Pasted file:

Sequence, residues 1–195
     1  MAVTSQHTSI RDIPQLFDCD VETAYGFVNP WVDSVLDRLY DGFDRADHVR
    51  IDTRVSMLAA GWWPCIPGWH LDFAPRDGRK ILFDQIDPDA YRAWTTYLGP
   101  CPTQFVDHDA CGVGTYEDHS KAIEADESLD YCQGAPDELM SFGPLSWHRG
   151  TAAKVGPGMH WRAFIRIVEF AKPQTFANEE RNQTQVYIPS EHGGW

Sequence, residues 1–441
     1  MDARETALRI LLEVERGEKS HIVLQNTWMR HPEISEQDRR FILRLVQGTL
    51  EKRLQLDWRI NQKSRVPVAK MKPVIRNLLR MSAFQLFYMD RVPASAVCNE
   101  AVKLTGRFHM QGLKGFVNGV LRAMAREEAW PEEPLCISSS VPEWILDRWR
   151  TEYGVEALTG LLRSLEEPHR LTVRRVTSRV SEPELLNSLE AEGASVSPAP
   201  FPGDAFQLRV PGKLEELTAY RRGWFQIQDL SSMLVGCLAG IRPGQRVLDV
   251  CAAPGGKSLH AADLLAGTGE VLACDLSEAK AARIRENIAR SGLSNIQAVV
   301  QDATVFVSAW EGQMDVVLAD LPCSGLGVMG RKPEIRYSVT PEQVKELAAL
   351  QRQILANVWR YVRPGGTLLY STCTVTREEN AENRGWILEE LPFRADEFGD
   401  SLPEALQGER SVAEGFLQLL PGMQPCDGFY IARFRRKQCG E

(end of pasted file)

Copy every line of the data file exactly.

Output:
Sequence, residues 1–195
     1  MAVTSQHTSI RDIPQLFDCD VETAYGFVNP WVDSVLDRLY DGFDRADHVR
    51  IDTRVSMLAA GWWPCIPGWH LDFAPRDGRK ILFDQIDPDA YRAWTTYLGP
   101  CPTQFVDHDA CGVGTYEDHS KAIEADESLD YCQGAPDELM SFGPLSWHRG
   151  TAAKVGPGMH WRAFIRIVEF AKPQTFANEE RNQTQVYIPS EHGGW

Sequence, residues 1–441
     1  MDARETALRI LLEVERGEKS HIVLQNTWMR HPEISEQDRR FILRLVQGTL
    51  EKRLQLDWRI NQKSRVPVAK MKPVIRNLLR MSAFQLFYMD RVPASAVCNE
   101  AVKLTGRFHM QGLKGFVNGV LRAMAREEAW PEEPLCISSS VPEWILDRWR
   151  TEYGVEALTG LLRSLEEPHR LTVRRVTSRV SEPELLNSLE AEGASVSPAP
   201  FPGDAFQLRV PGKLEELTAY RRGWFQIQDL SSMLVGCLAG IRPGQRVLDV
   251  CAAPGGKSLH AADLLAGTGE VLACDLSEAK AARIRENIAR SGLSNIQAVV
   301  QDATVFVSAW EGQMDVVLAD LPCSGLGVMG RKPEIRYSVT PEQVKELAAL
   351  QRQILANVWR YVRPGGTLLY STCTVTREEN AENRGWILEE LPFRADEFGD
   401  SLPEALQGER SVAEGFLQLL PGMQPCDGFY IARFRRKQCG E